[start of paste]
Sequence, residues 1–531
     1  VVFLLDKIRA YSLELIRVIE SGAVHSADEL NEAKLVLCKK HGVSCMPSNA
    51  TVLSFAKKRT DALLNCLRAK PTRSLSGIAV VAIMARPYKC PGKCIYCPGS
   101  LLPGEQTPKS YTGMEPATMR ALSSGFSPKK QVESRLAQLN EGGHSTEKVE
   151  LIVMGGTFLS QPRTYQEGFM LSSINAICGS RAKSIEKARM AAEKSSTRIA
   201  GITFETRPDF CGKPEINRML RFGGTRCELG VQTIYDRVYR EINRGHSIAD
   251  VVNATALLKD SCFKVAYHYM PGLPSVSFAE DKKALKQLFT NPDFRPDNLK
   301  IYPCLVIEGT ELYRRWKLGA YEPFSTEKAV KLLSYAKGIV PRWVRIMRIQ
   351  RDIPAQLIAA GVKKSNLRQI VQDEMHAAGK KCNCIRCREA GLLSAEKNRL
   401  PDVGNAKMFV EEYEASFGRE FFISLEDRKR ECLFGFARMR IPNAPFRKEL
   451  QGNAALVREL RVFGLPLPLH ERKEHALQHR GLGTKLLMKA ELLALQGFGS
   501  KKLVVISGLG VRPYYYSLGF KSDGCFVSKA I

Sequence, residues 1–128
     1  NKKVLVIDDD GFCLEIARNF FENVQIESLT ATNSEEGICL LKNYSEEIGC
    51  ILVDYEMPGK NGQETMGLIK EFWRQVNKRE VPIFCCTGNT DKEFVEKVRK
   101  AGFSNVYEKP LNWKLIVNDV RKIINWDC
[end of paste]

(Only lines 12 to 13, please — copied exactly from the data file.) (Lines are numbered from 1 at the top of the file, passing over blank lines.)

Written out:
   501  KKLVVISGLG VRPYYYSLGF KSDGCFVSKA I

Sequence, residues 1–128